Movie Sneaks: Quentin Tarantino’s guide to ‘The Hateful Eight’ gang
hree years after "Django Unchained," Quentin Tarantino returns to the western for his eighth directorial feature — that's eight if you combine the "Kill Bills," which we are inclined to do to make way for the appropriately titled new film "The Hateful Eight." Set in Wyoming shortly after the Civil War, the film maroons the titular group of unsavory types at a stagecoach stopover during a blizzard. The tension and mistrust grow thick as each of the strangers tries to draw a bead on the others.
The movie opens Christmas Day in a 70-millimeter roadshow cut that includes an overture and intermission and is six minutes longer than the version opening in wide release two weeks later. Here, Tarantino teases out insights to his rogue's gallery of characters for The Times.
SAMUEL L. JACKSON
Maj. Marquis Warren, "The Bounty Hunter"
"Cool as a cucumber, deadly as a viper strike! Complete with $8,000 in frozen dead bodies in tow."
John Ruth, "The Hangman"
"The ferocity of a bull. The subtlety of a buffalo. Chained to a killer who hates him."
JENNIFER JASON LEIGH
Daisy Doumergue, "The Prisoner"
"A blizzard behind her, a rope in front of her, and a man who hates her chained to her side. Is she a killer? Yes. Is she crazy? Maybe. What will she do for freedom? Anything."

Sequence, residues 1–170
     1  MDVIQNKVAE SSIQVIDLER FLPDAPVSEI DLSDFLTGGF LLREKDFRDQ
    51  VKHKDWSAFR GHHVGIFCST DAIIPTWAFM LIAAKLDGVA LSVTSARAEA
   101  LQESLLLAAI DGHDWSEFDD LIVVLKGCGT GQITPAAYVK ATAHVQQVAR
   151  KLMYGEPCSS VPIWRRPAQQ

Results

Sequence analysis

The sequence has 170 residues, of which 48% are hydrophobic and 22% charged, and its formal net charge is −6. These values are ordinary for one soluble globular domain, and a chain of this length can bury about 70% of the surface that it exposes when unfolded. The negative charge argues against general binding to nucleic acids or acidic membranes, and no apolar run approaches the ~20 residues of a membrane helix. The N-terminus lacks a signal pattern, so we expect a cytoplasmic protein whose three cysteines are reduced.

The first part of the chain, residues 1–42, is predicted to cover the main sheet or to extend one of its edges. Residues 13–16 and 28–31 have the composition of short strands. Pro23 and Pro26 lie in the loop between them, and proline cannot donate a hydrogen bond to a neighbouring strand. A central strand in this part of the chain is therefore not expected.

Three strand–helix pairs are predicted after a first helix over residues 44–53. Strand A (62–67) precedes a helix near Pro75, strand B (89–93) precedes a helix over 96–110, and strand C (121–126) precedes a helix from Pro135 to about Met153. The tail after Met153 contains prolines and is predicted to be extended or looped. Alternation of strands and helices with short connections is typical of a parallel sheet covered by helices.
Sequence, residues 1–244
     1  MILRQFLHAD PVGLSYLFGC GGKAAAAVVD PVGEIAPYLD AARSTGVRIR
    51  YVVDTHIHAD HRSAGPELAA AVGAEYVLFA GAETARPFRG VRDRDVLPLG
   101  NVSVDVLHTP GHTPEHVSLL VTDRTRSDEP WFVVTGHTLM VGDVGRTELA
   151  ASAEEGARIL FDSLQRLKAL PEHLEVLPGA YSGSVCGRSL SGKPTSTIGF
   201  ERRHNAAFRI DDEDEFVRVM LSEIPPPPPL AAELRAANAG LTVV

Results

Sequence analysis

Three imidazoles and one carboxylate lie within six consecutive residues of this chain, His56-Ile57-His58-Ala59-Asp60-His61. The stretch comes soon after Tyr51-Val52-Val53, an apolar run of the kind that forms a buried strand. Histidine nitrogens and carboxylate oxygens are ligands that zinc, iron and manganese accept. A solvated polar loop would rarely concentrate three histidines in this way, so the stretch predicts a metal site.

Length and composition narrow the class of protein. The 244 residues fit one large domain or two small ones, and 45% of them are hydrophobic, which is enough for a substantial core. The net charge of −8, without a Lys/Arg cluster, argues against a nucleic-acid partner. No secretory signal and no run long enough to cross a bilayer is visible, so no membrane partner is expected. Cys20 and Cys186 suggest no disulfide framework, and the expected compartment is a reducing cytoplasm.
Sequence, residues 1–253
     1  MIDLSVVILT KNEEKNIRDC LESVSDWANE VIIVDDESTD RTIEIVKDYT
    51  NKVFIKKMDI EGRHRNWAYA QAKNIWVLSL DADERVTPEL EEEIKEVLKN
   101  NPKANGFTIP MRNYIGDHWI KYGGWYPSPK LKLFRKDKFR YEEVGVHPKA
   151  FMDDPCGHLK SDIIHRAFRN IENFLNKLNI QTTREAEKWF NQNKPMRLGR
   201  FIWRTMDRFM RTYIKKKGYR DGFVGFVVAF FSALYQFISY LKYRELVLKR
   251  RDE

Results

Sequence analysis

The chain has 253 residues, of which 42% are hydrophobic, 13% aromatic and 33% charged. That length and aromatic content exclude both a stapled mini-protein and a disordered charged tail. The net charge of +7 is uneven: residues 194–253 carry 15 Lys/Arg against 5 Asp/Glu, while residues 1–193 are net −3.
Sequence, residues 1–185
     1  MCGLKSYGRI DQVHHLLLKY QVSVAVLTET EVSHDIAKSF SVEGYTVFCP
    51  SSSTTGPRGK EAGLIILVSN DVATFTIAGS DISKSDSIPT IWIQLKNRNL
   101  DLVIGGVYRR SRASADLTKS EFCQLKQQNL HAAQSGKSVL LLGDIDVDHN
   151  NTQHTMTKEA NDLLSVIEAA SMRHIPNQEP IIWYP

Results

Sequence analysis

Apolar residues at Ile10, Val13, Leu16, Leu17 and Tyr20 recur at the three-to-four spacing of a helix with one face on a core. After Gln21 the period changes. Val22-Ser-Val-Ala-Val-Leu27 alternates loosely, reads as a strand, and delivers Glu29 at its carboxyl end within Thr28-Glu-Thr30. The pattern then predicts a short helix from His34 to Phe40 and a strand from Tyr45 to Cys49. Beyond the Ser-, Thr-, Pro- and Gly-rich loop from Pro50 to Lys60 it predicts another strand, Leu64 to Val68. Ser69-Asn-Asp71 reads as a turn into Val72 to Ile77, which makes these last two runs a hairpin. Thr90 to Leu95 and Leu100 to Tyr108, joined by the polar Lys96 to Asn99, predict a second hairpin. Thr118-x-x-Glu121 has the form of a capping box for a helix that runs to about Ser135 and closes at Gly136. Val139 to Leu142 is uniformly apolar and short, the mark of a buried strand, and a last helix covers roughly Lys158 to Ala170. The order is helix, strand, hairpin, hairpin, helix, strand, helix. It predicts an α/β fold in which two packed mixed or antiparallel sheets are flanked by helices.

Chris Meninx, "The New Sheriff"
"A die-hard Confederate-cause soldier. Son of a Confederate renegade. Is he the new sheriff of Red Rock, or does something else bring him to this snowy mountain?"
Bob, "The Mexican"
"The mysterious caretaker. Who is he and does he belong?"
Oswaldo Mobray, "The Little Man"
"The foppish British hangman of Red Rock. What does his polite manner mask?"
Joe Gage, "The Cow Puncher"
"The cowboy loner. He doesn't know anybody, and nobody knows him. What exactly brought him to this snowy mountain?"
Gen. Sanford Smithers, "The Confederate"
"A legendary Southern combat general, with a very bloody past and a possibly bloodier future."
Your essential guide to the arts in L.A.
Get Carolina A. Miranda's weekly newsletter for what's happening, plus openings, critics' picks and more.
You may occasionally receive promotional content from the Los Angeles Times.